First, let's take a look at the macros. Each of these are listed in grams and as usual, normalized to 200 calories for easy comparison, so we're always comparing apples to apples.
Next, let's take a look at the Vitamin density. These values are shown in units of percent of recommended daily intake. And since we're showing 200 calories worth, this means anything above 10% is good.
Spinach have significantly more Vitamins A, E, K than purslane. Purslane have significantly more Vitamins C than spinach. Spinach are a great source of Thiamin, Niacin, Zinc, Phosphorus. Spinach are an excellent source of Vitamin A, Vitamin E, Vitamin K, Vitamin C, Riboflavin, Vitamin B6, Potassium, Magnesium, Calcium, Iron. Purslane are a good source of Zinc. Purslane are a great source of Thiamin, Niacin, Vitamin B6, Phosphorus. Purslane are an excellent source of Vitamin A, Vitamin C, Riboflavin, Potassium, Magnesium, Calcium, Iron.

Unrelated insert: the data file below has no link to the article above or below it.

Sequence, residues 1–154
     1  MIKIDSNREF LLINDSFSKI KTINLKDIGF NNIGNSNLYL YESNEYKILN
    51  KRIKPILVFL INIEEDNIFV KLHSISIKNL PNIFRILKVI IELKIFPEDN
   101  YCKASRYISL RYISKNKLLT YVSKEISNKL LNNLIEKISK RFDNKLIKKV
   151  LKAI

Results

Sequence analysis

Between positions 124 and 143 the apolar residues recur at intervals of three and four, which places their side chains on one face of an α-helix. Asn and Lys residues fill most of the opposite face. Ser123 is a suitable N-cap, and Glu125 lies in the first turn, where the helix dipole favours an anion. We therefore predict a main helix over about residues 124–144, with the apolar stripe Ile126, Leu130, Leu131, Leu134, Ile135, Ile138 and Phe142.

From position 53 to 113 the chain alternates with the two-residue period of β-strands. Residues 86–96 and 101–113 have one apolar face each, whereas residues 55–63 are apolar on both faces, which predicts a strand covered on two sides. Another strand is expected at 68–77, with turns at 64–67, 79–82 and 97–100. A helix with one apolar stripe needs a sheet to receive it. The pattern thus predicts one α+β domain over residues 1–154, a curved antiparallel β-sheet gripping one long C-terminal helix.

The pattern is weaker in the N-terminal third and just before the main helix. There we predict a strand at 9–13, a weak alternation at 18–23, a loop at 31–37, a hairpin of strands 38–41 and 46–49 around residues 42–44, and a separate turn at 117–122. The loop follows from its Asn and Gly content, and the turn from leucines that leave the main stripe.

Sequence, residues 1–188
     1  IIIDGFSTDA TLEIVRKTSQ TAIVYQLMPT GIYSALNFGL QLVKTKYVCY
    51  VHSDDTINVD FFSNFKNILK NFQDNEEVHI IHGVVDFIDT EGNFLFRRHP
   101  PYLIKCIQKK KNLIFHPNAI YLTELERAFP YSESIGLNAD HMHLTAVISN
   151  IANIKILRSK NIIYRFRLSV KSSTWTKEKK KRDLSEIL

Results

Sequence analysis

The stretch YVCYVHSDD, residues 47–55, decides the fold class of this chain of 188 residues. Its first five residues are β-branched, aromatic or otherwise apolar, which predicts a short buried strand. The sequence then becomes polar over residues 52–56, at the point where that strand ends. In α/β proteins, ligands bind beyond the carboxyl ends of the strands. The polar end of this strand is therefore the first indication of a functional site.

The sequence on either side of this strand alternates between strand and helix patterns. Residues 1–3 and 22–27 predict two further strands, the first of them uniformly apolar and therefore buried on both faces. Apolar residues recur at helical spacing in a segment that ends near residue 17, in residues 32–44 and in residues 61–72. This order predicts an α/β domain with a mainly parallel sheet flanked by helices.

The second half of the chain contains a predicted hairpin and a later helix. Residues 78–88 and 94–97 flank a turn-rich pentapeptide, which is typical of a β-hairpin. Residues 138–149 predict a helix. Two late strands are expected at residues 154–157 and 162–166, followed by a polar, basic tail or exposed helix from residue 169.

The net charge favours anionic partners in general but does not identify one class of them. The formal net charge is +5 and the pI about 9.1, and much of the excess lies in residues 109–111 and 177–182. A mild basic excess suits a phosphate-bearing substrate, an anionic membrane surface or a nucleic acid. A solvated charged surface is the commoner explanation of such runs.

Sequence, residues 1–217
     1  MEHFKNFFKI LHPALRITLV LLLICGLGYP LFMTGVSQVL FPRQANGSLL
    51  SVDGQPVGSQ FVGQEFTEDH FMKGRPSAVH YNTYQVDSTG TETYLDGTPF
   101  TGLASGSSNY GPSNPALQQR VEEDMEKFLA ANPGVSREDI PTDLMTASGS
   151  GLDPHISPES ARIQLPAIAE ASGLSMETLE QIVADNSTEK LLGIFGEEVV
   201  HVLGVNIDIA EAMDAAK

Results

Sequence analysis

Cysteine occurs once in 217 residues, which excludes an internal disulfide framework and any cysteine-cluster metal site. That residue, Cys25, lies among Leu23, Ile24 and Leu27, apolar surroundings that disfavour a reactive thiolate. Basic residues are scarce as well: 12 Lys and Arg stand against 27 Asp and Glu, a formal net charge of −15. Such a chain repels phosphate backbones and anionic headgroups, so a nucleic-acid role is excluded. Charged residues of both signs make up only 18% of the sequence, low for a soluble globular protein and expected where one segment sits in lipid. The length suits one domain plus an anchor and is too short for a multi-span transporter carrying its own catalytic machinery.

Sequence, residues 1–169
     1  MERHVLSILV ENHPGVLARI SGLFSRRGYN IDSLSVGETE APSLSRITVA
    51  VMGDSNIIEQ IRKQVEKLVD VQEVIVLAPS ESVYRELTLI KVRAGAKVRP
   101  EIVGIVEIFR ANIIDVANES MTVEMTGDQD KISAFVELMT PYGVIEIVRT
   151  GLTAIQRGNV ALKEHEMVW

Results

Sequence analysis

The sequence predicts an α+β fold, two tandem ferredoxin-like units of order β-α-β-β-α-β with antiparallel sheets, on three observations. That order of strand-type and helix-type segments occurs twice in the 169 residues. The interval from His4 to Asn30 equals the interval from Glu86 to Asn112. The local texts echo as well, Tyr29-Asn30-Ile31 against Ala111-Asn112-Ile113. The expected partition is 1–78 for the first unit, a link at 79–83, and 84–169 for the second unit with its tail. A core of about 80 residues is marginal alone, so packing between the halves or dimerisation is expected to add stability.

And here we see the B-vitamins: B1 (Thiamin), B2 (Riboflavin), B3 (Niacin), B5 (Pantothenic Acid), B6 (Pyridoxine)
Now, lets look at mineral density. Here we have a lot of important electrolytes and minerals. Once again, units are in percent of RDI, thus for this 200 calorie serving anything above 10% would considered high.
You can use the Nutrient based Food and recipe finder, to rank foods based on nutrients:
And get results like this: